We've got our head in realism this week, partly because early-bird registrations for the 2017 International Realist Conference close soon (Early-bird registration deadline has been extended until Thursday, September), and partly because we've been shown Chris Lysy's realist cartoon series (commissioned by the Rameses project) which made us giggle. You can view the full series of cartoons on the Rameses website, along with a number of other great resources about realist evaluation, including Ray Pawson's video series.
The annual CARES Summer School is a 4-day intensive for training in realist methodology (evaluation and synthesis). The programme is designed to assist participants advance their projects using the methodology and gain increased clarity in applying realist principles to complex areas of assessment. The application of realist methodology to research projects is a craft. For many of us, collective effort and co-learning is fundamental to developing an inspired capacity for undertaking this approach.
The 2017 Realist Conference invites realist researchers, evaluators, theorists and methodologists of all descriptions, along with those who are commissioning realist work and those who are using it to inform practice and policy together to answer: In what circumstances and for whom have realist methods been useful, in what respects, and why? In what contexts have they not proved useful, and why? How do the specific methods we use in our research or evaluation contribute (or not) to their use? What new developments or methods would further support their use?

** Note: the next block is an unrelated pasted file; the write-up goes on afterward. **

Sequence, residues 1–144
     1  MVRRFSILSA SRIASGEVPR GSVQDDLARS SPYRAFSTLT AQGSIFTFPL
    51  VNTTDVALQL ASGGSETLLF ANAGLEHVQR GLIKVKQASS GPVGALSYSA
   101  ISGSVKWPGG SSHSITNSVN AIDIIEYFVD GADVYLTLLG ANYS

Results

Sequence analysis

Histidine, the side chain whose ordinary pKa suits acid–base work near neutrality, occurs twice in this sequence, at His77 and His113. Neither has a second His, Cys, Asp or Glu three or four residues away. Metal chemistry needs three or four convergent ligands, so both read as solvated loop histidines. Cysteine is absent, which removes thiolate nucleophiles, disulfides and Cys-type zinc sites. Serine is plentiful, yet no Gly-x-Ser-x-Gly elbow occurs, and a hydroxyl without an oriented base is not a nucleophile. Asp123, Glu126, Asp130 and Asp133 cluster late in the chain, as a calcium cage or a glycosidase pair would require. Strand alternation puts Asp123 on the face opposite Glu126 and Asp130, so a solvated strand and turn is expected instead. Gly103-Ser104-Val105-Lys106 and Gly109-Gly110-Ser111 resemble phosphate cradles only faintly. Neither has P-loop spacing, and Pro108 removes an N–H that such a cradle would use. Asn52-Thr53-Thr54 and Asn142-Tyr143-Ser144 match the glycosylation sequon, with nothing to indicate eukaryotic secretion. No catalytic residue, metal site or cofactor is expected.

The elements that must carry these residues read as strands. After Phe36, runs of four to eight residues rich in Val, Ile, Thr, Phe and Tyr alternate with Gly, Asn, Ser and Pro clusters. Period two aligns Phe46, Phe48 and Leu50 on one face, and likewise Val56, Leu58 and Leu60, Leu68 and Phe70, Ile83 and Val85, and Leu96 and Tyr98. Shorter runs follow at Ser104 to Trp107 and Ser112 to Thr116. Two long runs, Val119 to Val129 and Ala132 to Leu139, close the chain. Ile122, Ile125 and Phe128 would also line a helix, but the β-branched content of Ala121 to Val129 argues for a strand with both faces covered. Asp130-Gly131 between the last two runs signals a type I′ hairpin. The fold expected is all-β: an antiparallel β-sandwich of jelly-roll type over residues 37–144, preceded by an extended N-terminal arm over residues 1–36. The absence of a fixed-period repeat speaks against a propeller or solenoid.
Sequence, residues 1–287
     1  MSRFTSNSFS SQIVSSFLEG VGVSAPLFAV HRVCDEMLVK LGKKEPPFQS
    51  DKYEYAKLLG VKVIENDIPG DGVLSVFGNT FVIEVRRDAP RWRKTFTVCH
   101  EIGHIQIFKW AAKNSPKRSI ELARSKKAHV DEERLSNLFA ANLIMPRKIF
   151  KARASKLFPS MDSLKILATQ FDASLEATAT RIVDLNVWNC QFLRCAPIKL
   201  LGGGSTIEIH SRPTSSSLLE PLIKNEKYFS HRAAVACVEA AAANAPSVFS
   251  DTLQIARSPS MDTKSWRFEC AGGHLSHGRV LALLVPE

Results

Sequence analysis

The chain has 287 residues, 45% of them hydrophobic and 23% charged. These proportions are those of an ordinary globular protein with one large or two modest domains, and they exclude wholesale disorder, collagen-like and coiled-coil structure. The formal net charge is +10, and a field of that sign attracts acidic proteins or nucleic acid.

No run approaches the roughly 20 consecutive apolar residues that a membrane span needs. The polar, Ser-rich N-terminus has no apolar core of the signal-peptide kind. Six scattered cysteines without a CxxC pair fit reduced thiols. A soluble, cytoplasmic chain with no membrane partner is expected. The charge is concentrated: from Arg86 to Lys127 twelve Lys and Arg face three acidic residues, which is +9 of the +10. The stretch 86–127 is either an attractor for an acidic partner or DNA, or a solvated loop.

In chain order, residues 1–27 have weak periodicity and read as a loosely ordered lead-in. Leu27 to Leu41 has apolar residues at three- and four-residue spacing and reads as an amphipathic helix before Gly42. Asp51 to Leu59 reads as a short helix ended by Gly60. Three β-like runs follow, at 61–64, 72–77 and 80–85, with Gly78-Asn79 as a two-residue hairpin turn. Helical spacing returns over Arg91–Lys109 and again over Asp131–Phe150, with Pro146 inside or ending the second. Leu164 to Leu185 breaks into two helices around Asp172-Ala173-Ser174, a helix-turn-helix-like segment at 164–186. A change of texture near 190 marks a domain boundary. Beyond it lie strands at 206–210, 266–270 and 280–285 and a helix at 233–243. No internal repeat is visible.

Evidence-Based Medicine & Evidence-Based Policy: The world’s most perfectly developed method & the 79-pound weakling?
Conventional narratives have honoured clinical (especially pharmaceutical) RCTs as the world’s most perfectly developed method. The quarrelsome, paradigm- heavy field of EBP is often dismissed as a seventy-nine pound weakling. This presentation seeks to tear up these storylines.